The trial of Oscar Pistorius has attracted media attention, not only in South Africa, but in many First World countries, mainly due to the fact that Pistorius is a world-renowned athlete of extraordinary circumstances. And his fiancee Reeva Steenkamp was a young, attractive and vivacious model.
For a young man with no legs to have achieved so much in such a short time is quite astounding. And that makes him a special South African. The relentless media attention has nothing to do with the colour of his skin, but all to do with his world-wide fame as an athlete, contrary to comments and indications by the tiresome few.
What is of concern is the amount of conjecture – the trial by media – that has gone on without one hint of retribution from the Justice system. Most of the comments by local and international media is sub judice which means that it is under the rule of the court and could be considered to be in contempt of court. But still it continues with the public mostly already decided on the guilt or innocence of Pistorius.
Fortunately in South Africa we have a team of Judge and Assessors who will decide the fate of the accused and they will uphold the rules of law, taking into consideration the emotions that were involved at the death of Steenkamp by the discharged weapon of Pistorius.
He has admitting to the shooting and resulting death of his fiancee so that part is resolved. But now the court has to decide if there is a case of murder to answer to. Murder is a criminal charge which distinctly requires that the killing was premeditated and that murder was committed “beyond reasonable doubt”. There is much to consider as the only witness to the killing is Pistorius and so any incriminating evidence has to be from reconstruction of the event from forensic submission. Not a simple task for the judges but their decision will be well presented when the trial is completed.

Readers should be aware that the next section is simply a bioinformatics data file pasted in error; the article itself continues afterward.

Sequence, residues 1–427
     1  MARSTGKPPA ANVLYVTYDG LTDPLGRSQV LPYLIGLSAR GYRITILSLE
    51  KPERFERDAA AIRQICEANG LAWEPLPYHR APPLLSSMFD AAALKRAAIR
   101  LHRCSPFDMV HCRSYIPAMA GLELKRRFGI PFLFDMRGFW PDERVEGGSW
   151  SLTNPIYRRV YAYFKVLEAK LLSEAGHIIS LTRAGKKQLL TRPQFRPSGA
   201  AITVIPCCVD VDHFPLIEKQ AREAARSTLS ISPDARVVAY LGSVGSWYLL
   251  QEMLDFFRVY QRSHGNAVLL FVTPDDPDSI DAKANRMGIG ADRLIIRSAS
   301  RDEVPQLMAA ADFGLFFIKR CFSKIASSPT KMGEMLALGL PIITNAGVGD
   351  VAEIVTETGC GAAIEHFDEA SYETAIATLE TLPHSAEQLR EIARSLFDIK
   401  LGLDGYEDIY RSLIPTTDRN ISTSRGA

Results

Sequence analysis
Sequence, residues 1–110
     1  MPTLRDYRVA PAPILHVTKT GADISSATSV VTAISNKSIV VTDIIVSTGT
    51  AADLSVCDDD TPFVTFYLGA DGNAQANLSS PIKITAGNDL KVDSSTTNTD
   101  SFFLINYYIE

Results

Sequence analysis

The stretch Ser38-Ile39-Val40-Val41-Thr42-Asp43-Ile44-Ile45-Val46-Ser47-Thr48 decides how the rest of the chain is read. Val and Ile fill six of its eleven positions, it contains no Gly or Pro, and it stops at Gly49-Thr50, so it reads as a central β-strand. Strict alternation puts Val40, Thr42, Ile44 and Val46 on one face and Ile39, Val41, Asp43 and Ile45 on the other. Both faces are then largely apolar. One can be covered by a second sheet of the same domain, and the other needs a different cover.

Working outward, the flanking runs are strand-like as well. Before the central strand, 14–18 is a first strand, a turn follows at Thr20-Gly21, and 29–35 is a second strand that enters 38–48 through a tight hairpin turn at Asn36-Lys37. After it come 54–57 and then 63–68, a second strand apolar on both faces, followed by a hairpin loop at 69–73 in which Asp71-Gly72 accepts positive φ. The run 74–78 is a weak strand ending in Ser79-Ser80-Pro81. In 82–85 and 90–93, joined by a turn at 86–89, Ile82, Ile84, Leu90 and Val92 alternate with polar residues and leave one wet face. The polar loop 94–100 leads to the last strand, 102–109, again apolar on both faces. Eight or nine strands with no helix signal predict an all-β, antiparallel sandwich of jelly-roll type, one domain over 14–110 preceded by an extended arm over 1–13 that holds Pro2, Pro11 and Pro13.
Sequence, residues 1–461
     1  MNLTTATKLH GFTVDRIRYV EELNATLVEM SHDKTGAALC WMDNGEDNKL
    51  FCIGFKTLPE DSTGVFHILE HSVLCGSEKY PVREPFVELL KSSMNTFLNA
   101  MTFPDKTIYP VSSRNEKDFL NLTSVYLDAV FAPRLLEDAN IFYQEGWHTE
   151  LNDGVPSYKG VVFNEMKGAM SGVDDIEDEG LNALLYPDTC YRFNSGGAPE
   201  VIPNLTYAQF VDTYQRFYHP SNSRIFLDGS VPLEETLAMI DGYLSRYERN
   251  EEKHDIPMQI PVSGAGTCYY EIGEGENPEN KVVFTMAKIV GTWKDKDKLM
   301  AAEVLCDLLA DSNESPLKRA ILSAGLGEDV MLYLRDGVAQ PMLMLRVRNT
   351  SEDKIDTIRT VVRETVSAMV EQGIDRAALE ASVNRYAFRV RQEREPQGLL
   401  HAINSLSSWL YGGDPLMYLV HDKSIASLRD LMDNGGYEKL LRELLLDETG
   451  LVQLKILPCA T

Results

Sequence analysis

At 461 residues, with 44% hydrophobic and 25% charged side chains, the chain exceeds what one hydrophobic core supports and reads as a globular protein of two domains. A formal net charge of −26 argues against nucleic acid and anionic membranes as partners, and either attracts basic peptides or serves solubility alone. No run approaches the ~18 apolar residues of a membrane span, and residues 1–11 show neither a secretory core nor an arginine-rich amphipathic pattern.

From the evidence presented to date in court and the media speculation a jury would have formed an opinion one way or another by now and it would be difficult to dissuade them otherwise with further evidence. It is just as well, therefore, that the outcome will be decided by a professional judicial team.
If, and that is a big “if”, he is found not guilty of murder Pistorius should still face the lesser crime manslaughter, and he has already admitted to the killing. Either way a sentence of some type will follow at the completion of the trial.
Either way it would be interesting if Pistorius and his legal team decide to sue the Government for not controlling violent crime in the country, given that it is 20 years since they made promises to bring crime under control. It is because of the unchecked violence that people who feel vulnerable possess deadly weapons such as pistols and, in some cases, rifles thereby perpetuating the potential for crimes of a deadly nature.
It would most probably be difficult, if not impossible, to reach a satisfactory conclusion to that charge but it would at least raise the long-overdue debate on how to bring crime, particularly violent crime, in our country under control. This unfettered violence is killing people daily and also hampering any real progress in creating a decent and safe future for everyone. And the crime rate deters many tourists from visiting our lovely country.
What is the Government scared of?